Applying the Science of Science Communication to Climate Change and Clean Energy: Lessons Learned from the NSF- and PBS-supported “Earth: The Operators’ Manual"

Thursday, 18 December 2014: 3:10 PM
Geoffrey Haines-Stiles1, Erna Akuginow1 and Camellia Sanford2, (1)GHSPi/Passport to Knowledge, Jersey City, NJ, United States, (2)Rockman etal, San Francisco, CA, United States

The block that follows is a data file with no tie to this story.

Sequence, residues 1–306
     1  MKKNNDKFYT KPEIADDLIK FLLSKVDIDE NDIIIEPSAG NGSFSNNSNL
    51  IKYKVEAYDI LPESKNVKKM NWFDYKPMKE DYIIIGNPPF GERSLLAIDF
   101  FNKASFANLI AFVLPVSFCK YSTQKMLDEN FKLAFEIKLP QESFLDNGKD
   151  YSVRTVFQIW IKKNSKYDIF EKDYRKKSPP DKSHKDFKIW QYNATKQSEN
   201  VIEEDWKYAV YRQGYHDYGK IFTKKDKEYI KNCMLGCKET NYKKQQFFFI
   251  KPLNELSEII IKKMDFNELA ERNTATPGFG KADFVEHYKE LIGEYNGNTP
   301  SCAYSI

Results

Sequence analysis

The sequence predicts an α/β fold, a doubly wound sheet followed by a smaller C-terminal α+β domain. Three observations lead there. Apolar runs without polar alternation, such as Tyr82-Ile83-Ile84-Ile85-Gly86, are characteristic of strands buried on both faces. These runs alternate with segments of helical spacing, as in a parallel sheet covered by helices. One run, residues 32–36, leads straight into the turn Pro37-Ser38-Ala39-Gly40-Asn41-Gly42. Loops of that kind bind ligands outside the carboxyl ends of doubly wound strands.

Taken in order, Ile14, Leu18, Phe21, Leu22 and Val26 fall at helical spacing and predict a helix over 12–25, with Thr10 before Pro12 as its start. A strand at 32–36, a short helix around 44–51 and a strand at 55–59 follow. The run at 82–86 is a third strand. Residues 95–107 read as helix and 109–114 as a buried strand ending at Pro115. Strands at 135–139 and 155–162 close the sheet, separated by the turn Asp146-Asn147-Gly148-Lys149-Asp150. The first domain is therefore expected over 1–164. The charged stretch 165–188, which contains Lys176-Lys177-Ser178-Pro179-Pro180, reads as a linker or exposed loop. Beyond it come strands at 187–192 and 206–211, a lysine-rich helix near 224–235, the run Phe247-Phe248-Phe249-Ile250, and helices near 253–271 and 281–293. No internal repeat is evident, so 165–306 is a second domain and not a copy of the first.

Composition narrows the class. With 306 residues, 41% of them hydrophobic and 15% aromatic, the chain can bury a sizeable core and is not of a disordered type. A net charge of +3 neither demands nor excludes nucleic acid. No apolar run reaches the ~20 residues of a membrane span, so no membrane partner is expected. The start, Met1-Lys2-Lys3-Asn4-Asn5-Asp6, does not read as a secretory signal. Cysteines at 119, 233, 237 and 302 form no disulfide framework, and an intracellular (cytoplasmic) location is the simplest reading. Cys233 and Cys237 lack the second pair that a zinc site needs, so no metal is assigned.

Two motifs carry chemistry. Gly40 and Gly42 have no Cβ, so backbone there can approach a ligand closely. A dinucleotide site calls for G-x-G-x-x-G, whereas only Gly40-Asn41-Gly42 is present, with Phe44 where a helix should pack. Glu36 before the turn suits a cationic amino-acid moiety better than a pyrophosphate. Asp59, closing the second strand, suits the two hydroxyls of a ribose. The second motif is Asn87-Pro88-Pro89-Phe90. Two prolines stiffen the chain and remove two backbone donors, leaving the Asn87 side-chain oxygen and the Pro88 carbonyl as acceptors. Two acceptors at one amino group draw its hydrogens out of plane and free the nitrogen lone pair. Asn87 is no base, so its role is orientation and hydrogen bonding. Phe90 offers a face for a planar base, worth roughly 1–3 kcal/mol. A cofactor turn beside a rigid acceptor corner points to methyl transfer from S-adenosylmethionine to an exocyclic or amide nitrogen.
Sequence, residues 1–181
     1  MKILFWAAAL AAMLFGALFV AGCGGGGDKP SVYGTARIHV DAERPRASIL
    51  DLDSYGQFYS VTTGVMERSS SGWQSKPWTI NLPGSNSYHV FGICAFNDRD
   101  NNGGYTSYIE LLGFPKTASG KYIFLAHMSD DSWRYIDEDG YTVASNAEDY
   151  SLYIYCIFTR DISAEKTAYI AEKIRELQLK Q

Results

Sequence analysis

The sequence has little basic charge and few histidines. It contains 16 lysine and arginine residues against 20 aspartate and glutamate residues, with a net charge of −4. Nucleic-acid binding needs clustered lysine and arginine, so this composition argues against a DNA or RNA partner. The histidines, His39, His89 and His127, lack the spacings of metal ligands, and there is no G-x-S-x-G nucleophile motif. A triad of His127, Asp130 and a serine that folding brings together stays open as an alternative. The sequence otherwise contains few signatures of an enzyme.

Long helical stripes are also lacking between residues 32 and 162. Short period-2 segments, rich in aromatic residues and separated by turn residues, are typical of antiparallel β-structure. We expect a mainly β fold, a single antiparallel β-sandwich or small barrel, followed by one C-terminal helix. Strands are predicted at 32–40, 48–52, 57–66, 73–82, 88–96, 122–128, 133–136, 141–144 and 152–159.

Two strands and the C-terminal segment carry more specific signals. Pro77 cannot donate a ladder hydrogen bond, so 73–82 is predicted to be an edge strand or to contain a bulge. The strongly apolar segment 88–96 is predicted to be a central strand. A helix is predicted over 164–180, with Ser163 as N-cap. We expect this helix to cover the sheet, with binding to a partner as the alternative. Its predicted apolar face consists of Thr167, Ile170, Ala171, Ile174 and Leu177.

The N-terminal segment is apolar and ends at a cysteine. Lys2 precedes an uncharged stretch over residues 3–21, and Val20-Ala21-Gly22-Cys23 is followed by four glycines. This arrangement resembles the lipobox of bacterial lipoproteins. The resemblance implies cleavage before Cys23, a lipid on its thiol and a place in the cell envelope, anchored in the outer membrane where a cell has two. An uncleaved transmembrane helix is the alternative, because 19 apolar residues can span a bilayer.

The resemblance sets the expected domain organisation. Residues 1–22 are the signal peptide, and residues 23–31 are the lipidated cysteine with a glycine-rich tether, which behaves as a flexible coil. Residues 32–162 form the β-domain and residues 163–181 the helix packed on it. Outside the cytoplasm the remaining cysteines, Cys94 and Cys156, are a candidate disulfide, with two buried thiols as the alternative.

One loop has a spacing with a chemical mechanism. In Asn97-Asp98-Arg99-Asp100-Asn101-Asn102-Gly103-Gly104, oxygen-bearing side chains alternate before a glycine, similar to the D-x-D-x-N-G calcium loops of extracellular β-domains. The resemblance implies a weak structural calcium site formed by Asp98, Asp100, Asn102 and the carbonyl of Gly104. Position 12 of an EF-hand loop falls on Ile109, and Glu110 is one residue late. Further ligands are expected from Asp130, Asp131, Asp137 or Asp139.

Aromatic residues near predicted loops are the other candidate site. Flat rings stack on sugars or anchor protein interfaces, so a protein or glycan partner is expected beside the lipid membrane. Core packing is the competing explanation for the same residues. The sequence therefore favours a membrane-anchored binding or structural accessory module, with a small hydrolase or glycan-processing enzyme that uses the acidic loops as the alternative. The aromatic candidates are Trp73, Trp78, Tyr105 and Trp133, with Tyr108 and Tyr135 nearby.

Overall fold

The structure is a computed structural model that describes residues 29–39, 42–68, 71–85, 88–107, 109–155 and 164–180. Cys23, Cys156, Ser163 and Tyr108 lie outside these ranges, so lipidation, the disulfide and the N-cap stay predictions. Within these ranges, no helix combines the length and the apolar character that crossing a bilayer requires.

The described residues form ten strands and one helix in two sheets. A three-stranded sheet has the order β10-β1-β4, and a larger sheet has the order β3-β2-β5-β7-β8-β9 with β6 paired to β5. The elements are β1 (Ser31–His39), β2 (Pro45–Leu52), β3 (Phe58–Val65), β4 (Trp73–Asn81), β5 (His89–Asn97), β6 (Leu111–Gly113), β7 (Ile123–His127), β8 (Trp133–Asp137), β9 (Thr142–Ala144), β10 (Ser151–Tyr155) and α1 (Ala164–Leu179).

Yale legal scholar and professor of psychology Dan Kahan has criticized the climate change science community for not applying what’s known about effective communications strategies to topics with potentially controversial content. “Earth: The Operators’ Manual,” funded by NSF’s Informal Science Education program and appearing on PBS was hosted by Penn State geoscientist Richard Alley. From the initial proposal forward into airing on public television in 2011 and 2012, ETOM aimed to be authoritative and apolitical while still being engaging to general audiences. Based on social scientific insights from project Advisor, Suzanne Moser, and others, ETOM aimed to avoid “climate porn” scare tactics and over-used footage, and to enlist a diverse group of “messengers” in addition to Alley. An important design criterion was to give equal time to clean energy solutions while pulling no punches as to the consensus findings of leading climate scientists. With the ETOM project now completed and final reports submitted to NSF, what results can be shared to inform future efforts? And how did ETOM compare in audience impact with other major media efforts such as Al Gore’s “An Inconvenient Truth” or Showtime’s more recent “Years of Living Dangerously”? Results reported draw on the external evaluation by Rockman Et Al, and include both quantitative and qualitative data. Key findings are the importance of including Texan ranchers enthusiastic about wind power alongside Navy Admirals adamant that climate change is human-caused and Marines implementing solar energy to reduce casualties incurred while transporting fossil fuels. In-person presentations by Alley and others at science centers served as de facto focus groups for scripting the TV programs, along with actual focus groups convened by Rockman. The 3rd program, ENERGY QUEST USA, documented 5 quite different communities, from Alaska to Forth Worth, Baltimore, Portland and Kansas, all using competition, local values, and economic incentives to move ahead. Might a more political approach have generated larger audiences? Perhaps, but at the cost of generating materials that have proven potential for long-lived use in both secondary and tertiary education.